Informal Learning in Computer Science: Social and Conceptual Factors Related to Women's Persistence
National Science Foundation’s Advancing Informal STEM Learning (AISL) program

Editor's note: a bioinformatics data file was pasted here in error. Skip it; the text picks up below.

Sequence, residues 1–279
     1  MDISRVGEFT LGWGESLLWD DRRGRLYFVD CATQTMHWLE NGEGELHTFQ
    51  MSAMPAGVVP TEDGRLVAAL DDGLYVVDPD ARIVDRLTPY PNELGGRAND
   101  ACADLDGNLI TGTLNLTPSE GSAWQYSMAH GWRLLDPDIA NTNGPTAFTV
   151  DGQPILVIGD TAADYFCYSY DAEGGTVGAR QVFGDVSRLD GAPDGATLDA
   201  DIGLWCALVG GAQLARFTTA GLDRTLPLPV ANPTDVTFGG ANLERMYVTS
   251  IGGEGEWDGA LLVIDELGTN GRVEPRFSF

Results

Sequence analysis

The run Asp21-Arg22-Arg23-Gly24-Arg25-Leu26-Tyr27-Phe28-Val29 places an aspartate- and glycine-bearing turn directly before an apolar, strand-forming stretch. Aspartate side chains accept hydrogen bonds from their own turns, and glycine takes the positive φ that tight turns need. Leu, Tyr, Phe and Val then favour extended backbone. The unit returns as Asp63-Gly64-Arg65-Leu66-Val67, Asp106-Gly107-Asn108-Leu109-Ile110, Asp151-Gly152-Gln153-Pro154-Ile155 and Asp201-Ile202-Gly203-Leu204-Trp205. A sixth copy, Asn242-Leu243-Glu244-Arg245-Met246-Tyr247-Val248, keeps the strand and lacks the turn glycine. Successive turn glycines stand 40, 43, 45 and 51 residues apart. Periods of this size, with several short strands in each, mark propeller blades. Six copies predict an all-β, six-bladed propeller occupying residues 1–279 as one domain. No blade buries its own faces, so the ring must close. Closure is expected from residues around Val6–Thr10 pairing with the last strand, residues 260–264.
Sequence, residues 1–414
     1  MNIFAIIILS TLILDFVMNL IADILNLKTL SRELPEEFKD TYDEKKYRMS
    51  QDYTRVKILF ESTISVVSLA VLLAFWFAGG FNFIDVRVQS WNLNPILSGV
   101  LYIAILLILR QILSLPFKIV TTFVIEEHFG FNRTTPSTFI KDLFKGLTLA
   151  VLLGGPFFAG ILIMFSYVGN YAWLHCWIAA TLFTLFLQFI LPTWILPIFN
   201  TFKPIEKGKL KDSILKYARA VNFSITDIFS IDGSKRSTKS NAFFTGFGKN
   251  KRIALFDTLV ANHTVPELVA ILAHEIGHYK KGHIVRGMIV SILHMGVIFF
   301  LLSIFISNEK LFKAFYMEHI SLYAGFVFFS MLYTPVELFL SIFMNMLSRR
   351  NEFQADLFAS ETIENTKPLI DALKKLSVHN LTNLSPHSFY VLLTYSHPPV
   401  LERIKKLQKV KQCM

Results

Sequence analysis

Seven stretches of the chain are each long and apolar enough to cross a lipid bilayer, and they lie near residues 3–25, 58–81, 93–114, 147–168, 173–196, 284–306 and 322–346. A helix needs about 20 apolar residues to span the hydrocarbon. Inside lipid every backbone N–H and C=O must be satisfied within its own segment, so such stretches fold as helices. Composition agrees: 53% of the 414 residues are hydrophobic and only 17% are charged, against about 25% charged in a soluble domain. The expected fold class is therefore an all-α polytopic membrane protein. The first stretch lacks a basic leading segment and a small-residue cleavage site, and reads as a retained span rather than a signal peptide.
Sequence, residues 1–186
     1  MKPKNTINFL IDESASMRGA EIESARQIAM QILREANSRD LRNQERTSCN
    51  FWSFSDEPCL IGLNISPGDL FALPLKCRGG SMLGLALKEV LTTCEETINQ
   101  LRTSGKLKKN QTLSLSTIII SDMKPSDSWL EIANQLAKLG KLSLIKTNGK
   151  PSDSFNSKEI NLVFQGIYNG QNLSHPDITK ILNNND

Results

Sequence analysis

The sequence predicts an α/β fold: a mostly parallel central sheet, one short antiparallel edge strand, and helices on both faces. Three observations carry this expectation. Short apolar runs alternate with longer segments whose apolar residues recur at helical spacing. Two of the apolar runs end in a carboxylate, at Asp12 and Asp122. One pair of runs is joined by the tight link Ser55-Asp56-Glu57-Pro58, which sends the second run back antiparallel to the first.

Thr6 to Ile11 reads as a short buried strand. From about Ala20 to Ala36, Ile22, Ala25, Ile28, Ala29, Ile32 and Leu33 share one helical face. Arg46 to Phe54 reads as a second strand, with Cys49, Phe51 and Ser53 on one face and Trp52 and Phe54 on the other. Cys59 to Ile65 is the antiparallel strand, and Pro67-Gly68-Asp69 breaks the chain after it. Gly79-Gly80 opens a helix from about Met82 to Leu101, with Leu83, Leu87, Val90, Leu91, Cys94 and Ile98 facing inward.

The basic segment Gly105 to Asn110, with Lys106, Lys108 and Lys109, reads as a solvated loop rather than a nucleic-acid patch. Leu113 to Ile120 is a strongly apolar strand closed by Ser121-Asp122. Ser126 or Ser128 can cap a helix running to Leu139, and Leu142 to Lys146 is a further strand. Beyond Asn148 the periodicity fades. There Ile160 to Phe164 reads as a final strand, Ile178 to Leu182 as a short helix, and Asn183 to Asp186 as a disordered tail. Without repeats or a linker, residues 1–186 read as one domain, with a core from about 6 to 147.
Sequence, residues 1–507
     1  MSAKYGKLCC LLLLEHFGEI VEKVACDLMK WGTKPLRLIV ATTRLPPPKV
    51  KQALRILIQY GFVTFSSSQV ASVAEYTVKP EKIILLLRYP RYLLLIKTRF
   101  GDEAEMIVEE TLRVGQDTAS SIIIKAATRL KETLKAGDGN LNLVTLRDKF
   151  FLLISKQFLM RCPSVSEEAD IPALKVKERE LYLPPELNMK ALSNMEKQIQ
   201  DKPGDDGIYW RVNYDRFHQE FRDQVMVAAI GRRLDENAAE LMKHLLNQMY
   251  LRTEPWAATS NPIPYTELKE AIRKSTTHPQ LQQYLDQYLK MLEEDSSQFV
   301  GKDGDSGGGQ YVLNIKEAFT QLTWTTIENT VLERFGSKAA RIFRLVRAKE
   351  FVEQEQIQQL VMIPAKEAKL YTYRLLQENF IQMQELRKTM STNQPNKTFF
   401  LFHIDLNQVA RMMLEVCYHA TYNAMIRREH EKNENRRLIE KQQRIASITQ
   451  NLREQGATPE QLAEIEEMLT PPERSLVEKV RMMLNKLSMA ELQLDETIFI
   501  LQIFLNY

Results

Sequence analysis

One metric often used in illustrating the underrepresentation of women in computer science (CS) is the low proportions of women who receive bachelor’s degrees in CS. Yet there are opportunities for women to learn to become software developers after they have graduated from college and entered the workforce, and capitalizing on these alternative pathways could be one avenue to broadening participation in CS. This study explores one of these pathways: women who are technologically savvy system administrators on the Salesforce Customer Relationship Management (CRM) cloud-based software platform who are gathering informal resources such as online tutorials, books and online forums or blogs in order to teach themselves to code and who are forming women-only virtual coaching and learning groups to help them in their learning. The study will use an ethnographic approach to better understand both the social and conceptual barriers to and supports for these women in their quest to learn to code, in order to find ways to develop more effective resources for adult CS learners in the workplace.